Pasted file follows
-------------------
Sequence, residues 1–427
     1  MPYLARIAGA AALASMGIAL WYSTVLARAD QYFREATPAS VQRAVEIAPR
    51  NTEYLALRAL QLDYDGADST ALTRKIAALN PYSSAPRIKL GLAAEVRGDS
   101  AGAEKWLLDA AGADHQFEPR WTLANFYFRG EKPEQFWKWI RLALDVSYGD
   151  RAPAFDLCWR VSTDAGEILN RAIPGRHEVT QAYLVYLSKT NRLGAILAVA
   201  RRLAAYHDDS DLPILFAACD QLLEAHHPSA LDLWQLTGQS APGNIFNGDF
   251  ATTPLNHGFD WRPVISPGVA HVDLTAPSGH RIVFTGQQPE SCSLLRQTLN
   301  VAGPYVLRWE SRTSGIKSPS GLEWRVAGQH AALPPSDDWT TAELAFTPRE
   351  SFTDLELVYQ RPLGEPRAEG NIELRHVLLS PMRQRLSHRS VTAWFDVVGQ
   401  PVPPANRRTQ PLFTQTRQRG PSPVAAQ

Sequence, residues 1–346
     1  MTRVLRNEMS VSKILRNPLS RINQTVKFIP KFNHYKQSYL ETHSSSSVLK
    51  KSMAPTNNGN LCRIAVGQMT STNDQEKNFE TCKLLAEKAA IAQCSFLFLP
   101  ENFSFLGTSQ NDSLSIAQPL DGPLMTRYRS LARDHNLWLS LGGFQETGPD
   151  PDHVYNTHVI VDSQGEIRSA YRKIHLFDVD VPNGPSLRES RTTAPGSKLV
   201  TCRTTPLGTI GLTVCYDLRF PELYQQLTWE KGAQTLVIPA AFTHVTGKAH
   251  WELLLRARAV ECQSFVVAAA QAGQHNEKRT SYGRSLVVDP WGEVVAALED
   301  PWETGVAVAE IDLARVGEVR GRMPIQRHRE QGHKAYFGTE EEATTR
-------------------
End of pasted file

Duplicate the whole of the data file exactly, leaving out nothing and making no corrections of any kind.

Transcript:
Sequence, residues 1–427
     1  MPYLARIAGA AALASMGIAL WYSTVLARAD QYFREATPAS VQRAVEIAPR
    51  NTEYLALRAL QLDYDGADST ALTRKIAALN PYSSAPRIKL GLAAEVRGDS
   101  AGAEKWLLDA AGADHQFEPR WTLANFYFRG EKPEQFWKWI RLALDVSYGD
   151  RAPAFDLCWR VSTDAGEILN RAIPGRHEVT QAYLVYLSKT NRLGAILAVA
   201  RRLAAYHDDS DLPILFAACD QLLEAHHPSA LDLWQLTGQS APGNIFNGDF
   251  ATTPLNHGFD WRPVISPGVA HVDLTAPSGH RIVFTGQQPE SCSLLRQTLN
   301  VAGPYVLRWE SRTSGIKSPS GLEWRVAGQH AALPPSDDWT TAELAFTPRE
   351  SFTDLELVYQ RPLGEPRAEG NIELRHVLLS PMRQRLSHRS VTAWFDVVGQ
   401  PVPPANRRTQ PLFTQTRQRG PSPVAAQ

Sequence, residues 1–346
     1  MTRVLRNEMS VSKILRNPLS RINQTVKFIP KFNHYKQSYL ETHSSSSVLK
    51  KSMAPTNNGN LCRIAVGQMT STNDQEKNFE TCKLLAEKAA IAQCSFLFLP
   101  ENFSFLGTSQ NDSLSIAQPL DGPLMTRYRS LARDHNLWLS LGGFQETGPD
   151  PDHVYNTHVI VDSQGEIRSA YRKIHLFDVD VPNGPSLRES RTTAPGSKLV
   201  TCRTTPLGTI GLTVCYDLRF PELYQQLTWE KGAQTLVIPA AFTHVTGKAH
   251  WELLLRARAV ECQSFVVAAA QAGQHNEKRT SYGRSLVVDP WGEVVAALED
   301  PWETGVAVAE IDLARVGEVR GRMPIQRHRE QGHKAYFGTE EEATTR